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Lauren Schleimer '12: Enforcing integrity on the MCAT


As the security guard at the Prometric test center emptied my pockets and confiscated my wristwatch, it occurred to me that the procedure for entering the Medical College Admission Test testing room was not so different from incarceration. You will be videotaped at all times, including breaks, and a fingerprint scan, signature and ID card are required in order to leave and re-enter the testing room. Nothing is allowed on your desk except the two pencils and four sheets of bright red scratch paper provided by the test center. Jewelry, eyeglasses and articles of clothing must be worn at all times and if you remove so much as a hairclip, it has to be stored in your locker outside.  

At first shaken, then indignant, I took the heightened security measures as a personal affront. The MCAT is a stressful experience, to say the least, and the TSA-level security screening put everyone just a little more on edge. Sure, the middle-aged proctor smiled sympathetically when she called my name, but then she had me spread my legs, pull out all my pockets, empty my hood and keep my hands above my head while she scanned me with a metal detector.  

In an open letter to 2012 examinees, the Association of American Medical Colleges offered this explanation: "The MCAT exam has been a key entry point for medical and other health-related professions for more than 80 years. Members of those professions must adhere to the highest level of ethics, earning and keeping the public's trust each and every day. Following the rules of the MCAT exam is an essential step in demonstrating a lifelong commitment to professionalism." I don't know about the rest of my fellow examinees, but "trust" and "professionalism" were the last words I would use to describe the way I was treated on exam day. There's nothing honorable about not cheating when the test center's security guard makes doing so a virtual impossibility.

The security measures were shocking, but, as it turns out, they're not entirely unwarranted. Last year, two Canadian students coordinated a high-tech plot to transmit exam questions via a wireless pinhole camera. The only reason the scam was unsuccessful is that the conspirators — one taking the test, the other figuring out the answers — were also trying to dupe a crew of MCAT tutors into answering the questions live. When the tutors wised up, the police were called and the perpetrators arrested. 

Standardized tests are imperfect measures and easy to criticize. But much like the heightened security was needed to eliminate the cheaters, the MCAT was originally instituted to weed out the academically unfit. In the 1920s, high attrition rates were taking a toll on universities, wasting precious time, energy and resources as up to 50 percent of students dropped out in the first two years. Combined with overall GPA, the test was and remains a remarkably accurate predictor of academic success in medical school. 

But as the AAMC pointed out, the MCAT is the gateway to the medical profession. The values that are prioritized at this stage of the game dictate the qualities of character that will be prized in medical professionals. In content and execution, the MCAT exam teaches conformity and acquiescence to the rules with an iron fist. Ability to perform well on the exam requires accepting a certain premise: that subjective interpretations can and should be reduced to objectively "correct" answers. Even if I could converse fluently on the topic a question posed, my expertise was useless if I could not oversimplify to their standard of "correctness."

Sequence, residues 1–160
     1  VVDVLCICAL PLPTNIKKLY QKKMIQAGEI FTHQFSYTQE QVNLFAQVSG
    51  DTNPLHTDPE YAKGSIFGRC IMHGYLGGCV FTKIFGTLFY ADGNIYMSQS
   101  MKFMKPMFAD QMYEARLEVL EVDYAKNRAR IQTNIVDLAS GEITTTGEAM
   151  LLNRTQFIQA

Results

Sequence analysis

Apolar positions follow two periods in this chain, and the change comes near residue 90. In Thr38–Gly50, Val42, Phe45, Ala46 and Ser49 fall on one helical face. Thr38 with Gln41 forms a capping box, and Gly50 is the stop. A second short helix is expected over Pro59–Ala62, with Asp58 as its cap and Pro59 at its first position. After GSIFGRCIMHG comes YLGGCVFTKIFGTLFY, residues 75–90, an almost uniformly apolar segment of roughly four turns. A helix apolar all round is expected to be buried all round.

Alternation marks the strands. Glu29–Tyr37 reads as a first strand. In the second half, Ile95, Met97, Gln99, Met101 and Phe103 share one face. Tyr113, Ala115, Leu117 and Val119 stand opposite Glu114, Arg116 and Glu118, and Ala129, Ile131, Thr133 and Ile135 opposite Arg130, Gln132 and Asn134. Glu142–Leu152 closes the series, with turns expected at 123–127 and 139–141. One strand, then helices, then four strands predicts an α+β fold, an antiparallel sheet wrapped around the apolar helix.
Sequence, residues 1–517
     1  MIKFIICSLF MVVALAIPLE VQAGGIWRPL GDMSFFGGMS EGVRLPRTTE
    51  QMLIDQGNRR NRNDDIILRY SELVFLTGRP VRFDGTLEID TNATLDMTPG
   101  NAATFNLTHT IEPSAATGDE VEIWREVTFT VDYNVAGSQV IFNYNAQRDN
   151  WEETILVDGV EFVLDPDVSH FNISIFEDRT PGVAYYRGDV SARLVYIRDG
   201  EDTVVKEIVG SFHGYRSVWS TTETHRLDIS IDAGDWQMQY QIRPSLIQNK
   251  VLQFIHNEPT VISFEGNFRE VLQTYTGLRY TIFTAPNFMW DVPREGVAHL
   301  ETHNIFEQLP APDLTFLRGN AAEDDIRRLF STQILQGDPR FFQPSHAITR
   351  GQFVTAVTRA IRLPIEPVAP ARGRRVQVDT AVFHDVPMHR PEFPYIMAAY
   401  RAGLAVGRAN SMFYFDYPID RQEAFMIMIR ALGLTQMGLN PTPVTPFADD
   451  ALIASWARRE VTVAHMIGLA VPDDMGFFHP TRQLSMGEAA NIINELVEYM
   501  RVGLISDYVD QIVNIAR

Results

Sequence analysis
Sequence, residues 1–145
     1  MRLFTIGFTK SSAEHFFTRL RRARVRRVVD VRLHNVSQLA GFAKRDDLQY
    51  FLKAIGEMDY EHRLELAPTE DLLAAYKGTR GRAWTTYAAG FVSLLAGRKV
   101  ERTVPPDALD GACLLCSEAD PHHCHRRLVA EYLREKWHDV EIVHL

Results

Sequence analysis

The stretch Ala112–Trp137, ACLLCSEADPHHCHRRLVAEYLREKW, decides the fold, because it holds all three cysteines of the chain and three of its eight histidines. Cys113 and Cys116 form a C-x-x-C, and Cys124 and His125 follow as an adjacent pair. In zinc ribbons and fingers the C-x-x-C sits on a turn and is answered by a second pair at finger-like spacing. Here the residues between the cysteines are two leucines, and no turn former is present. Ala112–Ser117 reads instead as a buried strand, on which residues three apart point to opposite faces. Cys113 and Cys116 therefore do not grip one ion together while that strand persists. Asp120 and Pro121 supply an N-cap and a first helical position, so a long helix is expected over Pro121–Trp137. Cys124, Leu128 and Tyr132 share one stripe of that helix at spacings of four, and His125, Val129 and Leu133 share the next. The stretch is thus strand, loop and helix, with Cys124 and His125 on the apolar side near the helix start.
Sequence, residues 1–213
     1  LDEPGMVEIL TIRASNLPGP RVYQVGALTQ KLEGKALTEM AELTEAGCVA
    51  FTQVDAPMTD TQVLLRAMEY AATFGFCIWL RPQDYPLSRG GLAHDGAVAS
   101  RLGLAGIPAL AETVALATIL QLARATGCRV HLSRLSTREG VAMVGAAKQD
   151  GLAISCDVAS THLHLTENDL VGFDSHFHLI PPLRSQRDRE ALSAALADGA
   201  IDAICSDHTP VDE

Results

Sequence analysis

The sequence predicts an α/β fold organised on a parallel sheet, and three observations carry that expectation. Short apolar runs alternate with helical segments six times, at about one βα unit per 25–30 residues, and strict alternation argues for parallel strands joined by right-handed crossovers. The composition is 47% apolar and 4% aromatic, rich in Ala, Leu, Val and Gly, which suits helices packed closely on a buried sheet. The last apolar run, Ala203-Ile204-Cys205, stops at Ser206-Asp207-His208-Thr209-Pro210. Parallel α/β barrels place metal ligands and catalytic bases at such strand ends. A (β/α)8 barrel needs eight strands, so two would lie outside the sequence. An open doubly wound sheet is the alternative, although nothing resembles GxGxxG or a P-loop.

In the same way that the "highest standards of moral and ethical conduct" are guaranteed on the MCAT by tyrannical proctors, the looming threat of malpractice attorneys enforce a strictly by-the-book standard of care in the industry. An estimated 75 to 99 percent of physicians will at some point in their career be sued for medical malpractice, and the cost of insurance premiums is becoming dangerously high.  

There are consequences for mistrusting people, and in the vast majority of malpractice lawsuits, the accusations are vindictive and unwarranted. Lawsuits cause physician burnout, but they also change the way doctors practice medicine. Physicians are less likely to take on high risk cases and more likely to reduce their workload after they've been sued. The looming threat of a lawsuit leads doctors to practice the sort of "defensive medicine" that — combined with the exorbitant price of malpractice insurance — has driven up health care costs through unnecessary procedures. For all of the "trust" placed in medical professionals, there is little room for honor and professionalism when persecution is a near certainty.

When I walked out of the MCAT exam, I realized that what nagged at my conscience was not the questions I couldn't answer, but the pervasive air of mistrust. The security measures took away my coffee and probably cost a few points in the added stress, but the real insult was to my dignity. There's nothing honorable about not cheating when the system makes it a virtual impossibility. We've institutionalized suspicion in the medical profession, persecuting the majority to prevent the misdeeds of a few. In the end, whether it is $240 for the MCAT to offset the costs of fingerprinting or $70,000 a year for medical malpractice insurance, if I want to be a doctor, I'll have to pay the price.


Lauren Schleimer '12 is still waiting for her MCAT score.



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